PerimeterX (aka Human) is a web service that protects websites, apps, and APIs from automation such as scrapers. It uses a combination of web technologies and behavior analysis to determine whether the user is a human or a bot.
It is used by popular websites like Zillow.com , fiverr.com, and many others so by understanding PerimeterX bypass we can open up web scraping of many popular websites.
When Google crawls the web to index web pages, it creates a cache of the data it finds. Most PerimeterX protected websites let Google crawl their websites so you can scrape this cache instead.
Scraping the Google cache can be easier than scraping a PerimeterX protected website, but it is only a viable option if the data on the website you are looking to scrape doesn't change that often.
To scrape the Google cache simply add https://webcache.googleusercontent.com/search?q=cache: to the start of the URL you would like to scrape.
For example, if you would like to scrape https://example.com/ then the URL to scrape the Google cache version would be:
Some websites (like LinkedIn), tell Google to not cache their web pages or Google's crawl frequency is too low meaning some pages mightn't be cached already. So this method doesn't work with every website.
If you want to scrape the live website, then one option is to do the entire scraping job with a headless browser that has been fortified to look like a real user's browser.
Vanilla headless browsers leak their identity in their JS fingerprints which anti-bot systems like PerimeterX can easily detect. However, developers have released a number of fortified headless browsers that patch the biggest leaks:
Playwright:Thestealth pluginis coming to Playwright soon. Follow developmentshereandhere.
Selenium:Theundetected-chromedriveran optimized Selenium Chromedriver patch.
For example, a commonly known leak present in headless browsers like Puppeteer, Playwright and Selenium is the value of the navigator.webdriver. In normal browsers, this is set to false, however, in unfortified headless browsers it is set to true.
There are over 200 known headless browser leaks that these stealth plugins attempt to patch. However, it is believed to be much higher as browsers are constantly changing and it is in browser developers & anti-bot companies interest to not reveal all the leaks they know of.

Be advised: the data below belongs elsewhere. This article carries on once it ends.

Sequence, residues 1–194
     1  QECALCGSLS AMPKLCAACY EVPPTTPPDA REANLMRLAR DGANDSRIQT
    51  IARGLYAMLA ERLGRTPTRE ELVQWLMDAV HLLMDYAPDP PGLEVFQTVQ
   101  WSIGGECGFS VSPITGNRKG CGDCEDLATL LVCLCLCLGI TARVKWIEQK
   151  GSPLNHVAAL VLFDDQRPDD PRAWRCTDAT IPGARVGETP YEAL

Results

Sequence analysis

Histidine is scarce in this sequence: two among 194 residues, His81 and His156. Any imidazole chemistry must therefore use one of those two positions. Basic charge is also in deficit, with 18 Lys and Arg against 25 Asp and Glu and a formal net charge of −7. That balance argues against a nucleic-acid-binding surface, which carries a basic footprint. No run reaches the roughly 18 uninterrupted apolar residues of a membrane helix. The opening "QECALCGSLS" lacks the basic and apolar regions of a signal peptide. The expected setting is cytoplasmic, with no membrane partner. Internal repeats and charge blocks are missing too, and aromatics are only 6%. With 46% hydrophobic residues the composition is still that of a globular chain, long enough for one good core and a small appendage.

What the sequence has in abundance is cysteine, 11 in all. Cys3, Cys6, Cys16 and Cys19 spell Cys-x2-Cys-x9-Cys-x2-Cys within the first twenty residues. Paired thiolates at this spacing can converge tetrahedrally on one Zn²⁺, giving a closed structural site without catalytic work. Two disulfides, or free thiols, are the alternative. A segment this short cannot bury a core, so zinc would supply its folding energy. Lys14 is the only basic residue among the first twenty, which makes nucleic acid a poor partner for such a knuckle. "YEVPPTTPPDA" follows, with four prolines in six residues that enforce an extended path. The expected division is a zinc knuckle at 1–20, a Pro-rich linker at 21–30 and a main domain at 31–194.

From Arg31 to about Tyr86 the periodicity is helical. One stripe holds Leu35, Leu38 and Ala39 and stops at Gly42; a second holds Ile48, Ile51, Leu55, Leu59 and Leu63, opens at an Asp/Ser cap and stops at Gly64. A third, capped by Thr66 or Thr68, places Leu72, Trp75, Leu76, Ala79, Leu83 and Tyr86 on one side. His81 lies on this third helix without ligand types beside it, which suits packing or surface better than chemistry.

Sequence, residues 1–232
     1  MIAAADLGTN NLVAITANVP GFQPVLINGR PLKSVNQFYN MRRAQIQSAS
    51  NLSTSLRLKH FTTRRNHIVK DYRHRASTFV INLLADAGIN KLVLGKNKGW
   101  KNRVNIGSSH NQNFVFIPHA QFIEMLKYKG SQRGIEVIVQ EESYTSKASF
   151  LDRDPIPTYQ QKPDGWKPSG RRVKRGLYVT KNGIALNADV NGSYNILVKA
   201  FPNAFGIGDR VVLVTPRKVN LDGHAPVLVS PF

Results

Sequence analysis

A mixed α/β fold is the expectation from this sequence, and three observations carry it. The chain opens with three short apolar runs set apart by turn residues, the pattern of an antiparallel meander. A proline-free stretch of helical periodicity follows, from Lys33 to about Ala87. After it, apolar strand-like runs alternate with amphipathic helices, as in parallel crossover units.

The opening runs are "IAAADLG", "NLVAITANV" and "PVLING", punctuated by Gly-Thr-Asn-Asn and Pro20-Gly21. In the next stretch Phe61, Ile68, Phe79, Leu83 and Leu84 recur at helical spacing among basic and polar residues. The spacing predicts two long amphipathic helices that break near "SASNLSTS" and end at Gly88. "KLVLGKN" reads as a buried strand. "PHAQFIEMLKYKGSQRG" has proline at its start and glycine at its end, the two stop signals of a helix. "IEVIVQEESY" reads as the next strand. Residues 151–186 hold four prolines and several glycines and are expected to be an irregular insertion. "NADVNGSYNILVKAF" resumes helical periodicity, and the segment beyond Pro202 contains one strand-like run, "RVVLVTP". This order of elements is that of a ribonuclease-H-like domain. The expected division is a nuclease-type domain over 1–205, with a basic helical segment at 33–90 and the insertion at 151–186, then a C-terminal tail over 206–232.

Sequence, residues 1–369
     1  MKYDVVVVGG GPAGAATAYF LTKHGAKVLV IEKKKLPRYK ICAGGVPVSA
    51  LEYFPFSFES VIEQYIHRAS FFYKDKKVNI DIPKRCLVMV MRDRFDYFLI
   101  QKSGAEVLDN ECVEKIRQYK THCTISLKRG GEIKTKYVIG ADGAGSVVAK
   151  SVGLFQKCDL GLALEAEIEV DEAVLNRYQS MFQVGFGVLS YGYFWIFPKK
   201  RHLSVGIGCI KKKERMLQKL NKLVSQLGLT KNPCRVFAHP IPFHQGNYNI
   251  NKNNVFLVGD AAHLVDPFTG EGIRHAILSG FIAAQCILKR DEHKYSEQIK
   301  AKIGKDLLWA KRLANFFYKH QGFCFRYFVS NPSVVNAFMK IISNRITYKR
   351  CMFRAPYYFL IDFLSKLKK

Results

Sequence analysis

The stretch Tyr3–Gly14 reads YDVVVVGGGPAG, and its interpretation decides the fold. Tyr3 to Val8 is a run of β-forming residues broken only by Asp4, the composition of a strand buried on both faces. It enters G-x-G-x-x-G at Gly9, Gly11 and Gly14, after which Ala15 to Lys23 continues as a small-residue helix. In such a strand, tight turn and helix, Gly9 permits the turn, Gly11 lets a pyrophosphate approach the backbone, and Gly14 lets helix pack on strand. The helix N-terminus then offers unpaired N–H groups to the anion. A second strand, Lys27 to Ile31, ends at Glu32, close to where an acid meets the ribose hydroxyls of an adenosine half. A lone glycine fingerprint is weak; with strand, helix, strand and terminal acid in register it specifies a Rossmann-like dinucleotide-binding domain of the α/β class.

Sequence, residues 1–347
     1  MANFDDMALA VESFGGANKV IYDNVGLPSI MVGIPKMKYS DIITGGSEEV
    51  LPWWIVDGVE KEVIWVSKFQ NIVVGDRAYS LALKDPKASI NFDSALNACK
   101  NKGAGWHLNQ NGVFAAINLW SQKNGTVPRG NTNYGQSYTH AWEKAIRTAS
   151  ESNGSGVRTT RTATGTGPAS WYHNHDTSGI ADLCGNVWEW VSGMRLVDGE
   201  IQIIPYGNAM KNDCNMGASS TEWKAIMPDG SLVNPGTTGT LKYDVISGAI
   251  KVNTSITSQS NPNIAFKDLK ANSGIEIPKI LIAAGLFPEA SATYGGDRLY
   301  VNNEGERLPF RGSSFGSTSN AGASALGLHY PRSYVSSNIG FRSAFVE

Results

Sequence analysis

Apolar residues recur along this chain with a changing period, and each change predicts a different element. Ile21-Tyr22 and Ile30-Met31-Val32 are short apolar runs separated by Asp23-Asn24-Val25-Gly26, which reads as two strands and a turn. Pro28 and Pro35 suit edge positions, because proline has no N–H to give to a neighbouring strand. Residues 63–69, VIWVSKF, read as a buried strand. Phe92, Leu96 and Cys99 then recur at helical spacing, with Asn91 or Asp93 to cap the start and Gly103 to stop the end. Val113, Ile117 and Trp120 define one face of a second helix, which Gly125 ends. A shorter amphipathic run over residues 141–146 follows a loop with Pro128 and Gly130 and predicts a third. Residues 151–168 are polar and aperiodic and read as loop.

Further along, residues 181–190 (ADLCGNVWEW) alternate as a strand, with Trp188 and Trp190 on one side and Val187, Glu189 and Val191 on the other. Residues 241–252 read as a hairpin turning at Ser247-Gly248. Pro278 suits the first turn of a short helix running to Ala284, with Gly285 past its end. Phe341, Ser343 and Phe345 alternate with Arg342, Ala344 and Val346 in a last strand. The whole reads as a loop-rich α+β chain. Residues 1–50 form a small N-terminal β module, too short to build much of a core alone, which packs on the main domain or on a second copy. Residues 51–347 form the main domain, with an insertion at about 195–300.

Headless browser stealth plugins patch a large majority of these browser leaks, and can often bypass a lot of anti-bot services like PerimeterX, Incapsula, DataDome, and Cloudflare depending on what security level they have been implement on the website with.
However, they don't get them all. To truly make your headless browser appear like a real browser you will have to do this yourself.
Another way to make your headless browsers more undetectable to PerimeterX is to pair them with high-quality residential or mobile proxies. These proxies typically have higher IP address reputation scores than datacenter proxies and anti-bot services are more reluctant to block them making them more reliable.
The downside of pairing headless browsers with residential/mobile proxies is that costs can rack up fast.
As residential & mobile proxies are typically charged per GB of bandwidth used and a page rendered with a headless browser can consume 2MB on average (versus 250kb without a headless browser). Meaning it can get very expensive as you scale.
The following is an example of using residential proxies from BrightData with a headless browser assuming 2MB per page.
Pages Bandwidth Cost Per GB Total Cost 25,000 50 GB $13 $625 100,000 200 GB $10 $2000 1 Million 2TB $8 $16,000
If you want to compare proxy providers you can use this free proxy comparison tool, which can compare residential proxy plans and mobile proxy plans.
The downside with using open-source Pre-Fortified Headless Browsers is that anti-bot companies like PerimeterX can see how they bypass their anti-bot protection systems and easily patch the issues that they exploit.
As a result, most open-source PerimeterX bypasses only have a couple of months of shelf life before they stop working.
The alternative to using open-source PerimeterX bypasses is to use smart proxies that develop and maintain their own private PerimeterX bypass.
These are typically more reliable as it is harder for PerimeterX to develop patches for them, and they are developed by proxy companies who are financially motivated to stay 1 step ahead of PerimeterX and fix their bypasses the very minute they stop working.
Most smart proxy providers (ScraperAPI, Scrapingbee, Oxylabs, Smartproxy) have some form of PerimeterX bypass that work to varying degrees and vary in cost.
However, one of the best options is to use the ScrapeOps Proxy Aggregator as it integrates over 20 proxy providers into the same proxy API, and finds the best/cheapest proxy provider for your target domains.
You can activate ScrapeOps' PerimeterX Bypass by simply adding bypass=perimeterx to your API request, and the ScrapeOps proxy will use the best & cheapest PerimeterX bypass available for your target domain.